Every Wednesday, I’m going to post a timed writing exercise for you to have fun with. There are no rules other than to set your timer for 10 minutes, start writing and keep writing, no matter where your thoughts take you. Don’t stop to “fix” words, phrases or ideas. Don’t stop to consider alternatives. If you don’t know what to write, write about not knowing what to write about until the timer dings. It may take a few weeks to become comfortable with this way of writing, but eventually you’ll find it second nature to read the prompt, start the timer and just write. Without planning. Without editing. Without conscious thought. Just pour those words onto paper, virtual or otherwise.

Some of the exercises will resonate with you. Some may not. But it’s important to do them as they are, because they are structured to enhance specific skills. Here’s a tip: I use the pictures from Tarot cards and Power Decks in my classes to help students who like or need a visual jog to their creative centers. The exercise provides the direction, the picture on the card provides the spark that ignites the imagination. Feel free to use any type of artwork/photographs in conjunction with the exercises, if you’d like.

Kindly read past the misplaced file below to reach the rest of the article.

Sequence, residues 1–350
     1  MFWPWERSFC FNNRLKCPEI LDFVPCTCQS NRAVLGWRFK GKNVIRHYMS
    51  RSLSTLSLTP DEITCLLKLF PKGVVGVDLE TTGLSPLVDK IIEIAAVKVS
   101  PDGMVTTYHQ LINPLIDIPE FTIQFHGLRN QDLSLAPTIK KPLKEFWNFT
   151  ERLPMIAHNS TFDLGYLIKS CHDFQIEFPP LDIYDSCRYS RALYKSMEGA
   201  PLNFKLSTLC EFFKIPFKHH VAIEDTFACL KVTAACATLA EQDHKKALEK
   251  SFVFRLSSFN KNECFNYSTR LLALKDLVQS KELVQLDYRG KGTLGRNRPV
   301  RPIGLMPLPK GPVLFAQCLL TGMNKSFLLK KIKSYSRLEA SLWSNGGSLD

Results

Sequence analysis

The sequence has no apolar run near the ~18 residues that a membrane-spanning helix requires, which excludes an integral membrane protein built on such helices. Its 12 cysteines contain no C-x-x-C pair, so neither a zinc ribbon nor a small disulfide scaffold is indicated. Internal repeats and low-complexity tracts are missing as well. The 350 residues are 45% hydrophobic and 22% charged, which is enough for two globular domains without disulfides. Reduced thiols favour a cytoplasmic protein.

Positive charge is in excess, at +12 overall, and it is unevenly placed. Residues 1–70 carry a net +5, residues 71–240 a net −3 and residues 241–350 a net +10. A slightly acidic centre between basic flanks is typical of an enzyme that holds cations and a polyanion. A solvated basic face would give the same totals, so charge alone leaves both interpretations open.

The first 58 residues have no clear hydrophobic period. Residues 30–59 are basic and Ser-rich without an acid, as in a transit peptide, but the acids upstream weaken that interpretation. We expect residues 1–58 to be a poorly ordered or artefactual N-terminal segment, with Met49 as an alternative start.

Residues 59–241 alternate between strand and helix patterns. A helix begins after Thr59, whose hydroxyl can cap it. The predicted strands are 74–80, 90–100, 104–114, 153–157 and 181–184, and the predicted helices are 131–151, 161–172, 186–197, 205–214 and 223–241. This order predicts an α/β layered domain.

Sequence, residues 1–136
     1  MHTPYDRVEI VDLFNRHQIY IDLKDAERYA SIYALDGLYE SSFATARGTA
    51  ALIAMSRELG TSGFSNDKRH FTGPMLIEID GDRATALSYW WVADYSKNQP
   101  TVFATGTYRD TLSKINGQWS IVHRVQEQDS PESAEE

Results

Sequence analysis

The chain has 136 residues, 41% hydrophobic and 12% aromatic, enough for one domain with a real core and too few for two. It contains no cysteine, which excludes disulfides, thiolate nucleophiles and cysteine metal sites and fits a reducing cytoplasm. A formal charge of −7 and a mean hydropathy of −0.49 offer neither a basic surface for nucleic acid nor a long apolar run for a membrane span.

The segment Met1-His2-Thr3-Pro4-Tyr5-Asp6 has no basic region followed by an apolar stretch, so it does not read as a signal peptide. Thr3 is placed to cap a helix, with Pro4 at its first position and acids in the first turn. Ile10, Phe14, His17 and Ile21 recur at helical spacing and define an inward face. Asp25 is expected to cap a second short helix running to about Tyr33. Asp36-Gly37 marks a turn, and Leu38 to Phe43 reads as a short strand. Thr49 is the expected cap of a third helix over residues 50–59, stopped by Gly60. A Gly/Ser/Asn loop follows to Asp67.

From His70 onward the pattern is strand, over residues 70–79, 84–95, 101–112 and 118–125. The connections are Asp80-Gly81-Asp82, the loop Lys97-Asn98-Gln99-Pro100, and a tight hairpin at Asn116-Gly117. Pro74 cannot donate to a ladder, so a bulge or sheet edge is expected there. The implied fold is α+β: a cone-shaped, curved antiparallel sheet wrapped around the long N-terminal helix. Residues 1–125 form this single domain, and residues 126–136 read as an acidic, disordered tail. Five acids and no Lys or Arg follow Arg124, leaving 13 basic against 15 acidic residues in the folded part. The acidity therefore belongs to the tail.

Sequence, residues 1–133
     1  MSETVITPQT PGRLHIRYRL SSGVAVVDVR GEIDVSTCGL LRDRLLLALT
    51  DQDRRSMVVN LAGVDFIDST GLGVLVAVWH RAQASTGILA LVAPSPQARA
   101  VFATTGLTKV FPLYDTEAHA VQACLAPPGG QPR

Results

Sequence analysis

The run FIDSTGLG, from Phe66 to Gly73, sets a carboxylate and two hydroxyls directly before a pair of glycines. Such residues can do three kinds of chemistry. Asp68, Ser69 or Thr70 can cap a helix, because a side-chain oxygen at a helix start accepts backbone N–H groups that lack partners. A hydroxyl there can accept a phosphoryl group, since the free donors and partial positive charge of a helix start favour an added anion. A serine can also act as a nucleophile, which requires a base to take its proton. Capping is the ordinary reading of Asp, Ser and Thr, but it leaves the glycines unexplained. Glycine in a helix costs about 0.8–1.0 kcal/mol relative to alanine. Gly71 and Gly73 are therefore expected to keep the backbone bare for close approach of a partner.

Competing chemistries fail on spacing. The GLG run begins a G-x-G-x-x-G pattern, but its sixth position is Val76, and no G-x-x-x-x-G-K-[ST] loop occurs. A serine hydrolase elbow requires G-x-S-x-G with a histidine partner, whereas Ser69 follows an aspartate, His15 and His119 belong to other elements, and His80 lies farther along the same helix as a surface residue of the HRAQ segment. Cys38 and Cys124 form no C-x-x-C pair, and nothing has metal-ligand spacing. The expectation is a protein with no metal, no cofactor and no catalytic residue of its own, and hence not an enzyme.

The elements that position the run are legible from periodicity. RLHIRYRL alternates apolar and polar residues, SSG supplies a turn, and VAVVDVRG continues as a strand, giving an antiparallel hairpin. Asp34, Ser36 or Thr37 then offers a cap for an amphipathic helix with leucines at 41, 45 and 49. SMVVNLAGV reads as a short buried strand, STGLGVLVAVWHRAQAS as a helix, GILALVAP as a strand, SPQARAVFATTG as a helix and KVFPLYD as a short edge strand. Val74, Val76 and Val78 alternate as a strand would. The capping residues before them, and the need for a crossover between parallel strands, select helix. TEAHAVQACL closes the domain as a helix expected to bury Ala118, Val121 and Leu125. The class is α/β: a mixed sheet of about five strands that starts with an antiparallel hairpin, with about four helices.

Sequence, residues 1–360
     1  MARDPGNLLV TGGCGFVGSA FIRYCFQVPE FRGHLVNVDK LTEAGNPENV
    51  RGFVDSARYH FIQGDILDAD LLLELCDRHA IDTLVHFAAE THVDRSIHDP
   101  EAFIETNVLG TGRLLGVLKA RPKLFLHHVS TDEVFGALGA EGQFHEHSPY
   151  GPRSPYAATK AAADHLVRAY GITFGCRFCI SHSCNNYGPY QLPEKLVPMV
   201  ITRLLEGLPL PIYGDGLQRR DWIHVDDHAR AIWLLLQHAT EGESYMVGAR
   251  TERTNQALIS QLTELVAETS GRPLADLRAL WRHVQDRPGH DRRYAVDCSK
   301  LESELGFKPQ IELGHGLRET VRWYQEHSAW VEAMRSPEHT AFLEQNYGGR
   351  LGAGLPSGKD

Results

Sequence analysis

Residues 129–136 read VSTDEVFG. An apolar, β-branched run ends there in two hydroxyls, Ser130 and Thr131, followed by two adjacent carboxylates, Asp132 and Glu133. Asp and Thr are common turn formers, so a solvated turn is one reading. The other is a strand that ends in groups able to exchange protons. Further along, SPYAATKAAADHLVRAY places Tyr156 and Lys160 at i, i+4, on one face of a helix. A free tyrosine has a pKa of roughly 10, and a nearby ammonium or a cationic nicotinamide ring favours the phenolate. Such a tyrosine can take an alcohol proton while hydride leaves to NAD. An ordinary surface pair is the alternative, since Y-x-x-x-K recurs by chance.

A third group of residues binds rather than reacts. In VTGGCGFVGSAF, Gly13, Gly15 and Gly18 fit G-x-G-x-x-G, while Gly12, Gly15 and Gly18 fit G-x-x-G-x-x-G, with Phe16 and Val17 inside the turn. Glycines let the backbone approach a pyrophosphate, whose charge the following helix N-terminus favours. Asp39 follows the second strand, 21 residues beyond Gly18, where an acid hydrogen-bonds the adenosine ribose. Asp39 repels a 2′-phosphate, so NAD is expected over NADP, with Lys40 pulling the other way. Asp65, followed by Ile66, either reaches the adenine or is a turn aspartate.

You’ll be amazed at how fast your 10 minutes speed by. And you’ll probably be amazed at how much you will eventually be able to get done in only 10 minutes. Sometimes it will be impossible to stop after only 10 minutes, but try to discipline yourself to do so. And if you’re used to timed writing, or want a really challenging challenge, give yourself only 5 minutes for each prompt.